Social Studies for Humans

by Christina Jenkins

When I first started teaching seventh grade social studies at a middle school in New York City, I looked at the curriculum (pre-Columbus to the Civil War) and had an idea: I would paint the outline of the North American continent on a large wall in my classroom and fill it with colonies – and later, states – as we moved westward towards June. I imagined that it would be an ever-changing visual reminder of how this country came to be.

And then, first year teaching hit me hard, and that outline remained an outline long after we’d covered the Revolution, early government, and the War of 1812. By that point, several students from our homeroom class had moved away, and I think we were all trying to figure out where we were going. And then one day, Joseph drew a picture of Angela (the first student to leave us) and taped it to the wall underneath a sign reading “Wall of Memory” right about where Missouri should have been.  Joseph, more than any of us, had figured out how to use that space to tell a story.

It turns out that social studies is fundamentally about humans. It is critically important for our students to understand their Constitutional rights and the historical context for the founding and growth of this country. But, as Joseph knew intuitively and as I’ve learned over 8 years as an educator, humans come first. I now teach anthropology (truly, primarily, about humans), feminism (humans and power), cartography (how humans situate themselves in the world), design (how humans experience the world) and many other classes at a public high school where I’m privileged to teach what I feel I can teach best. I believe that my fundamental responsibility as an educator is to create learning experiences that are human-centered, and believe strongly that social studies is the “discipline” where that responsibility is most acutely felt. Whether we are teachers of geography or global history or anthropology, we must be empowered to raise and struggle with these questions about what makes us who we are.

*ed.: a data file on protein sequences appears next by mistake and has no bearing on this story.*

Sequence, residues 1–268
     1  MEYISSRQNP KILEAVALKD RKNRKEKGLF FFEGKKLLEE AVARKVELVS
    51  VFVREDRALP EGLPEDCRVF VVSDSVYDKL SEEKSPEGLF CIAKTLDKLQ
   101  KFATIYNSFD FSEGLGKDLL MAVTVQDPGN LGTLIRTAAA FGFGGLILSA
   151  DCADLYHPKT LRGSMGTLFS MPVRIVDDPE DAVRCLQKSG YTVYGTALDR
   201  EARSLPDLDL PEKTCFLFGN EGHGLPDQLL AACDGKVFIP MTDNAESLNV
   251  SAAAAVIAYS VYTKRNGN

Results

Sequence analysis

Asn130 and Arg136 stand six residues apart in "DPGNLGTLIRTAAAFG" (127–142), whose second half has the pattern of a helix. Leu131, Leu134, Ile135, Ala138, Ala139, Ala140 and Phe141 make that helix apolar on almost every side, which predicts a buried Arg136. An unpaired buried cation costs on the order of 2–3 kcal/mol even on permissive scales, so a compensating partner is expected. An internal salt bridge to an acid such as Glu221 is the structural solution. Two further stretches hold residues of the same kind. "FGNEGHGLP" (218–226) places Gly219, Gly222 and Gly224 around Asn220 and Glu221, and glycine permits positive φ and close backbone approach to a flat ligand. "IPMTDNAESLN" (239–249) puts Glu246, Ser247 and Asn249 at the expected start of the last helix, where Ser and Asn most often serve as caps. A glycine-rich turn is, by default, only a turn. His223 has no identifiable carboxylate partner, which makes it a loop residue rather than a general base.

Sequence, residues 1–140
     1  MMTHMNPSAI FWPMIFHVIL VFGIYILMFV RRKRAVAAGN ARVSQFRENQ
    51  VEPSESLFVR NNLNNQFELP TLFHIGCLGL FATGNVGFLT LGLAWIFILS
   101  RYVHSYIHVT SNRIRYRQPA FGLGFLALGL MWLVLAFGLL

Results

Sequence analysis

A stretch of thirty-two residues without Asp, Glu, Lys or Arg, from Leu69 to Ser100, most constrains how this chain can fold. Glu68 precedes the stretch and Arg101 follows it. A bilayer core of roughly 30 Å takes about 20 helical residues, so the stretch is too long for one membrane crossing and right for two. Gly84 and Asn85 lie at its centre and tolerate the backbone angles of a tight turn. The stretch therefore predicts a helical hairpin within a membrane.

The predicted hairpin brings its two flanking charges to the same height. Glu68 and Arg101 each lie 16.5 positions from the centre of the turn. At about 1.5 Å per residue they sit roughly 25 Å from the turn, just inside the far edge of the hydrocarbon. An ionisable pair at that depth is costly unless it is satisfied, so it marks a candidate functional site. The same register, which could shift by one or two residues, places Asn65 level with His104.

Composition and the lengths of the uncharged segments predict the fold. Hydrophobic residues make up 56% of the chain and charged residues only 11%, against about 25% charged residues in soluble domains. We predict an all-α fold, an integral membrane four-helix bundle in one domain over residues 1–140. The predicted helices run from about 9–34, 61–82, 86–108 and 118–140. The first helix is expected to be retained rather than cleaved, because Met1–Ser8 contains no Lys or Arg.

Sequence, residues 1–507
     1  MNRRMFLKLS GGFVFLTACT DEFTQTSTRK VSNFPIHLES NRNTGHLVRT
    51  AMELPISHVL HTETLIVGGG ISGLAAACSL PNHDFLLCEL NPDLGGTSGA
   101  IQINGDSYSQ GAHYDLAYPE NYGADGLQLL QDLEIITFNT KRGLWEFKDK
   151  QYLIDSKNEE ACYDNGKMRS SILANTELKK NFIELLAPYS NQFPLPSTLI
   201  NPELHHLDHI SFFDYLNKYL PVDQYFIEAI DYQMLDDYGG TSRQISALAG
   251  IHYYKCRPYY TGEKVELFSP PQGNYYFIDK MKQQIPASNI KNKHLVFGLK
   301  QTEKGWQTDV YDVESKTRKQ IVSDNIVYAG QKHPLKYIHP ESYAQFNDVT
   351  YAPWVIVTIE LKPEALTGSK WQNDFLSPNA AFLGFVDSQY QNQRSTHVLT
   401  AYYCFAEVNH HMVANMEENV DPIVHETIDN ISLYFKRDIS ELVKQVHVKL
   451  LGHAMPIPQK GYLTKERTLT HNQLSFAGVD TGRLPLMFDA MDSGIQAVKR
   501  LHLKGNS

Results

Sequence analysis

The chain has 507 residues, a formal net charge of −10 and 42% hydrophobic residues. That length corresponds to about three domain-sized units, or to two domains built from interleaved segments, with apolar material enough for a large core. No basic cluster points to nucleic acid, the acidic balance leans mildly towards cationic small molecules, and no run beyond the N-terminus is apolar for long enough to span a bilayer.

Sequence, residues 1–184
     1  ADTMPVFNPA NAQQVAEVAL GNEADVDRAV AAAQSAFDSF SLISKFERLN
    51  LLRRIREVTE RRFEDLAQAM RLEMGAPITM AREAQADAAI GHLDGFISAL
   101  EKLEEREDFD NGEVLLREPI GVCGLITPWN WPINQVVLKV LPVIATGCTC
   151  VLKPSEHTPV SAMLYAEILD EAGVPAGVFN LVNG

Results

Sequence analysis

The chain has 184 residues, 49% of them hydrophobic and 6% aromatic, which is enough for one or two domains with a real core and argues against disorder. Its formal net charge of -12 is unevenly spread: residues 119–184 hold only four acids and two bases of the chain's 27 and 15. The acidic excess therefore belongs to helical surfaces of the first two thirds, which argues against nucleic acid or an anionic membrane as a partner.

Christina Jenkins teaches social studies at the NYC iSchool.

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